This article is for those of us that have experienced that terrible pang of separation when you realize that your BlackBerry is back in the waiting area of the airport while you are squished into an airplane seat somewhere high over Nebraska. When the plane lands, you remain cut off from the world while everyone around you fires up their devices and checks their email. You’ve got no email, no phone, and random airport strangers are sipping Starbucks and thumbing through your email.
What should you do? Well let’s start off with what you should have done when you got your BlackBerry, which is set up the owner information. Owner information is displayed when the BlackBerry is locked and password protected. So hopefully you’ve entered a name and some contact information. To set the owner information, go to Options (or Settings for 7100 owners). Click Owner and type your contact information. Save it, and it will be displayed when your handheld is locked.
To set up a password and security timeout, go to Options and click Security. Set the Password field to Enabled. You can set the timeout from one minute to one hour. Once you have set these, click Save, and you will be prompted to enter a password. Now your BlackBerry will lock up after a period of inactivity and will require your password to unlock it.
Setting password on 8700
If you haven’t done any of this before losing your BlackBerry, all is not lost. The above can also be done remotely by the administrator of your BES. Using the IT Admin, the administrator can set a password and lock the handheld, set the owner information, and even kill the handheld, which will disable the device and delete all the information that was stored on it.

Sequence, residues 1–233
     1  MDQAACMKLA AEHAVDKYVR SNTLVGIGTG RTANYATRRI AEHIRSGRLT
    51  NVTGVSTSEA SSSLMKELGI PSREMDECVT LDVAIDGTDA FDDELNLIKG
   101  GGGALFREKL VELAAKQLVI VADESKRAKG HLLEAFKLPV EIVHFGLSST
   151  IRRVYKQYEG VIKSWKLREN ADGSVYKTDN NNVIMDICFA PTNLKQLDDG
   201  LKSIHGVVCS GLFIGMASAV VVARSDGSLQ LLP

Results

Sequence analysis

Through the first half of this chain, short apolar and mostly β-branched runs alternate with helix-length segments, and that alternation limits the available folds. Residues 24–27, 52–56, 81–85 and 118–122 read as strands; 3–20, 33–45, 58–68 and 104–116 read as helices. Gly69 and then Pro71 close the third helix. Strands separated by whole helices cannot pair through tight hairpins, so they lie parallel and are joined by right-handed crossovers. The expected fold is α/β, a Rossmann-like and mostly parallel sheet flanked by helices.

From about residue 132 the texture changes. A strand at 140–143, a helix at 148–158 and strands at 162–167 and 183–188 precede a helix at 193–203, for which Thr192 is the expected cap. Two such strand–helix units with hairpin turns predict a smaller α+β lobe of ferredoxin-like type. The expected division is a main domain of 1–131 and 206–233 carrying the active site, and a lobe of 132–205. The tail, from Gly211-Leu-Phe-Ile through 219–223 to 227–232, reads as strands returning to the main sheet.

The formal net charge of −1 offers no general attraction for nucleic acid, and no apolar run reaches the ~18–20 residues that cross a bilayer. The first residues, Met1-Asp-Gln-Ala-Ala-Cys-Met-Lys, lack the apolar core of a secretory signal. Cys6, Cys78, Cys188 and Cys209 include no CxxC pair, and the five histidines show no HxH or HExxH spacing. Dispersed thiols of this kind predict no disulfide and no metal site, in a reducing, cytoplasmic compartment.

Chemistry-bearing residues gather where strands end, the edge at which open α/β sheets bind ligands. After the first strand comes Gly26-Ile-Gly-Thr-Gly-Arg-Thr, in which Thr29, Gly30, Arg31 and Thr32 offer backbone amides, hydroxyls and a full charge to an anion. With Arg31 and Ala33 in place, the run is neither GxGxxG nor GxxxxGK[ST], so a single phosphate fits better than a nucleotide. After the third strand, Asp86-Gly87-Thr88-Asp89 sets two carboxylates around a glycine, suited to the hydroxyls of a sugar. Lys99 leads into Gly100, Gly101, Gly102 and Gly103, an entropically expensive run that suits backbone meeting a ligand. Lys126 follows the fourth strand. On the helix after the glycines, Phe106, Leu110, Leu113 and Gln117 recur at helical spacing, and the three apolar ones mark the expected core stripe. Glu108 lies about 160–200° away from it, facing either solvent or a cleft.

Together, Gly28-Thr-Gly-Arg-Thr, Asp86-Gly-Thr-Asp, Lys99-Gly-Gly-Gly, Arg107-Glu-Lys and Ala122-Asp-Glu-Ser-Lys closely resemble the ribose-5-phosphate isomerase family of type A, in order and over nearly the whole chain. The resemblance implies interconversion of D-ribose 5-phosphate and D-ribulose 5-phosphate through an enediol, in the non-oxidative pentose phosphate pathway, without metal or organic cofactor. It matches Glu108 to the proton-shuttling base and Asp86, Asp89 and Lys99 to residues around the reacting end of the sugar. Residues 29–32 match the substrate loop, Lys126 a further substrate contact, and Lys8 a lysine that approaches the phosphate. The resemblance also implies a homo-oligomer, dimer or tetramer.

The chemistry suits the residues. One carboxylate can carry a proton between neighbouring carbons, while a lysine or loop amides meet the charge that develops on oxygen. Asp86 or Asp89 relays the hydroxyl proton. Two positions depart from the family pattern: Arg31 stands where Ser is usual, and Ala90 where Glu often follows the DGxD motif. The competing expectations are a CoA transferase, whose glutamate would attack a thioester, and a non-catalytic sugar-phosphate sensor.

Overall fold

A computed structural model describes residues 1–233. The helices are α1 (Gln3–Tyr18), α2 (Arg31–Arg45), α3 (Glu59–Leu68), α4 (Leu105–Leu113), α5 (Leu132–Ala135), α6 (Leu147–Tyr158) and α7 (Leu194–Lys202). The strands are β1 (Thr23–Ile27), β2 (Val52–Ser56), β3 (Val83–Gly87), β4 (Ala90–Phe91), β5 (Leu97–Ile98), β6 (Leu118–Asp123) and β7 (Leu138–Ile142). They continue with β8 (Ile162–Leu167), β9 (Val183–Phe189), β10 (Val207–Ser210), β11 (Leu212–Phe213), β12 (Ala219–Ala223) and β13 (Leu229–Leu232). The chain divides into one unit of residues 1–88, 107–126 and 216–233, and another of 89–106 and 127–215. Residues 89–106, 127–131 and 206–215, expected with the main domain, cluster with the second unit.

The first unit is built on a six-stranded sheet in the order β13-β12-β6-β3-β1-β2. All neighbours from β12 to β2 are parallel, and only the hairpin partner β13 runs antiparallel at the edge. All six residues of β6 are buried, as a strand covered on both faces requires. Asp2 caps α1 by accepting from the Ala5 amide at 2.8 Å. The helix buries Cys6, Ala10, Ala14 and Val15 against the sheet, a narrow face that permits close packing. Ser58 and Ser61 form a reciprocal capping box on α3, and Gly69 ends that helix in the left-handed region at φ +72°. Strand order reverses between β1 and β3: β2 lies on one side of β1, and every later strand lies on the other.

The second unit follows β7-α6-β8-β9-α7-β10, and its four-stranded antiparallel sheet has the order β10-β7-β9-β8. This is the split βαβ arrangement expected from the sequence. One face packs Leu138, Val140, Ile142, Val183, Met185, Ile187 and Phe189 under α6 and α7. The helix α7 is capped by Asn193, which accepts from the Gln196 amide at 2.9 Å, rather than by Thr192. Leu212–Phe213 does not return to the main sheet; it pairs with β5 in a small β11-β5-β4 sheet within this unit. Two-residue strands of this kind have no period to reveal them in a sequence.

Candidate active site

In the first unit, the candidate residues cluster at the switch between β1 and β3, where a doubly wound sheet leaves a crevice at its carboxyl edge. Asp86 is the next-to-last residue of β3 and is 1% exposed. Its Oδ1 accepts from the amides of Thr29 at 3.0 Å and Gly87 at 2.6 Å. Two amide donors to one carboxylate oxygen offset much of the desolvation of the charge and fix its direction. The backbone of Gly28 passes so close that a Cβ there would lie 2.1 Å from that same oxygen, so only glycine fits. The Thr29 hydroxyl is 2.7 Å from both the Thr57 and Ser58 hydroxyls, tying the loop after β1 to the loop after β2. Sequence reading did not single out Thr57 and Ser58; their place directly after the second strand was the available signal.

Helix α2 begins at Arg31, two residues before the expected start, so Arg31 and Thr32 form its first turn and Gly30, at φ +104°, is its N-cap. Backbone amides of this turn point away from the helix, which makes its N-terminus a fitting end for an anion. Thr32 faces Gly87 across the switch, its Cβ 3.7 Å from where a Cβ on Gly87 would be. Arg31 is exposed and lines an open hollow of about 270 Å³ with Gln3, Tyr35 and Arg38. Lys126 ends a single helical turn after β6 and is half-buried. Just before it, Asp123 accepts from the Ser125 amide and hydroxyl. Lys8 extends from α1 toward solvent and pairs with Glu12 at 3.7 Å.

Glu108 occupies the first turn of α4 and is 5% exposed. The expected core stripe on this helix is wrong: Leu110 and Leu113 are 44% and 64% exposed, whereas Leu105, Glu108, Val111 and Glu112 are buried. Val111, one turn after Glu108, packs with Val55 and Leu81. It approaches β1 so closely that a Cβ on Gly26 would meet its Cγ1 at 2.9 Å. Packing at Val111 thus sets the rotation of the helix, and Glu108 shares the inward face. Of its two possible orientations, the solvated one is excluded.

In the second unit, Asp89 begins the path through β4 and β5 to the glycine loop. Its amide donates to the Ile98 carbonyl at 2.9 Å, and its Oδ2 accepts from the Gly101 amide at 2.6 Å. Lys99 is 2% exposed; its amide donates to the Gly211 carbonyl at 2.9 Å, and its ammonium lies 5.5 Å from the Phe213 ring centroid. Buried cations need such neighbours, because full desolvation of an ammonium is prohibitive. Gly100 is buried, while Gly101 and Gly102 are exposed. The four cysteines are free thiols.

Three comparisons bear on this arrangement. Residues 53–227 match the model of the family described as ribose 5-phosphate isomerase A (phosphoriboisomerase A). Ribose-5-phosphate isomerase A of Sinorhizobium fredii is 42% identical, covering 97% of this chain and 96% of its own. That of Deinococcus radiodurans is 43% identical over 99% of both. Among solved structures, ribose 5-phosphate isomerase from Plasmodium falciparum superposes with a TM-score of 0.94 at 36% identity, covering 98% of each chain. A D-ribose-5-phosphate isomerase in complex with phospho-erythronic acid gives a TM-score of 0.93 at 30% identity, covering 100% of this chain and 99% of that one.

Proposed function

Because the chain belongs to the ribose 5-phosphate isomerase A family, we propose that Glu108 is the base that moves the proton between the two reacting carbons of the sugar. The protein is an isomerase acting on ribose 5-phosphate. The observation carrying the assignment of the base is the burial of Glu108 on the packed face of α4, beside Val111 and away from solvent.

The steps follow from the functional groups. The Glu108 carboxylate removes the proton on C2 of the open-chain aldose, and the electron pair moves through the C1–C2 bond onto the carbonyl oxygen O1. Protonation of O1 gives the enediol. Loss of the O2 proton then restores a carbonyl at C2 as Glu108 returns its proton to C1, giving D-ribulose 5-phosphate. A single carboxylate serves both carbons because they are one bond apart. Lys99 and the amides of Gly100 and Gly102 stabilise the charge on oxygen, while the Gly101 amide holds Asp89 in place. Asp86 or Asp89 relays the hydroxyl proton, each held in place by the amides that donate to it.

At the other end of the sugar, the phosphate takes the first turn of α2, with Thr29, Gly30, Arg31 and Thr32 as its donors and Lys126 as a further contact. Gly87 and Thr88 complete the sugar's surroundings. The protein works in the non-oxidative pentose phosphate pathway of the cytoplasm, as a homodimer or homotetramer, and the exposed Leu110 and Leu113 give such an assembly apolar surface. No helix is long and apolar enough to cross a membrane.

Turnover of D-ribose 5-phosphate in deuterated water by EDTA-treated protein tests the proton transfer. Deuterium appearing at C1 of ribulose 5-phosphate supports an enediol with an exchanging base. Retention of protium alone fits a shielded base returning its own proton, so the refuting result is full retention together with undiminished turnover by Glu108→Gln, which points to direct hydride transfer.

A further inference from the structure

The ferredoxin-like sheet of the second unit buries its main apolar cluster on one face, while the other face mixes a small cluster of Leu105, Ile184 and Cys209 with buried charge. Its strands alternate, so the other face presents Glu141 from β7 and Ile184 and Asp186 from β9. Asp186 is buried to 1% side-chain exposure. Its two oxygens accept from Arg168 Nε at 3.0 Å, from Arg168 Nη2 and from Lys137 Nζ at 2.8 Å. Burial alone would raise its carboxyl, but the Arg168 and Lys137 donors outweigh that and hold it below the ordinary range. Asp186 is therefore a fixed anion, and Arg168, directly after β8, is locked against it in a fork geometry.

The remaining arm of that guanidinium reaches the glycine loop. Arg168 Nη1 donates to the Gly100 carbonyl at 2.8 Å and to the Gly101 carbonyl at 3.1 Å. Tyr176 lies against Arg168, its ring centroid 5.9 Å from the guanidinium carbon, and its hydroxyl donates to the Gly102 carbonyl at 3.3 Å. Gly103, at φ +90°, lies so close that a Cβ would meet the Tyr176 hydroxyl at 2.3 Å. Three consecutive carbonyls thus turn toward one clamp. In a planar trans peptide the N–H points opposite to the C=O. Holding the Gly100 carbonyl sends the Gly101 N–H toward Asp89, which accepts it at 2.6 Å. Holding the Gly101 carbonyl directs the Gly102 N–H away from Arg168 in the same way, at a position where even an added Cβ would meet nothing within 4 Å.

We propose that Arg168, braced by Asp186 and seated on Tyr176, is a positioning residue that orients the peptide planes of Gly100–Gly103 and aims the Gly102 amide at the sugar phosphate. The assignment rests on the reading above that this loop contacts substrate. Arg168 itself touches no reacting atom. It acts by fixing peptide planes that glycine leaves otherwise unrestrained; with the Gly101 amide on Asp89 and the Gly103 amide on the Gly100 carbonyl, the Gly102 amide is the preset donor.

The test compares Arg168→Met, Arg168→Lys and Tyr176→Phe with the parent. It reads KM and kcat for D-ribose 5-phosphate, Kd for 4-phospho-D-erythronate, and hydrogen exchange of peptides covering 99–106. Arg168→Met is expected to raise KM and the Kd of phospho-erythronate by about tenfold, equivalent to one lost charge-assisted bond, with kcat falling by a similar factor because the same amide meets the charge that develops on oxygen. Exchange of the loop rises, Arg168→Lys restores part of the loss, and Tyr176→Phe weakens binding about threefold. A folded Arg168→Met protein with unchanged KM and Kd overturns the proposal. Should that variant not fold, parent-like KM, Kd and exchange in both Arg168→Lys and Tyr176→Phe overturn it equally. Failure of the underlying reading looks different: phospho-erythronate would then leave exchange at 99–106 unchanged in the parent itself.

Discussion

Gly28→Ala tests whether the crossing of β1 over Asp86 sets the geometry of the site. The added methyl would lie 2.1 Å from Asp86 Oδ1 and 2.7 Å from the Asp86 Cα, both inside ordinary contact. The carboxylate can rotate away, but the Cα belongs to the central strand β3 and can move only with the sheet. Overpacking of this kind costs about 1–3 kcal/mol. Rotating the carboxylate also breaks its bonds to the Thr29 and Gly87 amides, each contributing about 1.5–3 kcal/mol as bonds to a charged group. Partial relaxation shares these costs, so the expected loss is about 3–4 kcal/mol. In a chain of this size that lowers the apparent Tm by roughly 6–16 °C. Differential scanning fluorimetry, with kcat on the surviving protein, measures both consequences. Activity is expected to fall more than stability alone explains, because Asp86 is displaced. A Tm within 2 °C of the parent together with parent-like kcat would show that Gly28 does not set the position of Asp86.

If you posses some forethought, and like me, you assume that sooner or later you’re going to be unwillingly separated from one of your gadgets, then you might consider taking advantage of a service from the aptly named company “StuffBak”.
StuffBak offers a service that helps you, well, get your stuff back. Basically, you put these little labels on stuff you don’t want to lose. The label tells the finder how to return the item and get a reward. StuffBak acts as an intermediary, so you don’t have to give your personal information to a finder. They simply call the number on the sticker and then take the item to a drop-off center or StuffBak arranges for a courier pickup. The finder doesn’t have to pay for shipping or even pack up the item. StuffBak offers a $20 value reward to the finder, and you have the option of offering an additional cash reward.
StuffBak Label on 7100
Ah, I can hear the voices of CrackBerry now. “What’s wrong with just putting a sticker with my name and number on my BlackBerry?” Well, yes, you could do that. But there are a few compelling reasons to go with a StuffBak solution:
1) It’s easy for the finder. They just call a number and drop it off somewhere. There’s no packing, and they don’t have to pay for shipping. I have to think that making it as easy as possible to return an item means that more items will get returned.
2) With StuffBak, both finder’s and owner’s information stays confidential. Instead of putting your name and address in the BlackBerry Owner information, you might put the StuffBak contact phone and your sticker number.
3) If your address or phone number changes, you can update personal information once online and the change automatically links to all your activated labels. That’s actually a pretty nice feature if, like me, you have an array of electronic gadgets to keep track of.
So don’t lose your BlackBerry. But if you do lose it, make sure you’ve done what you can to get it back.
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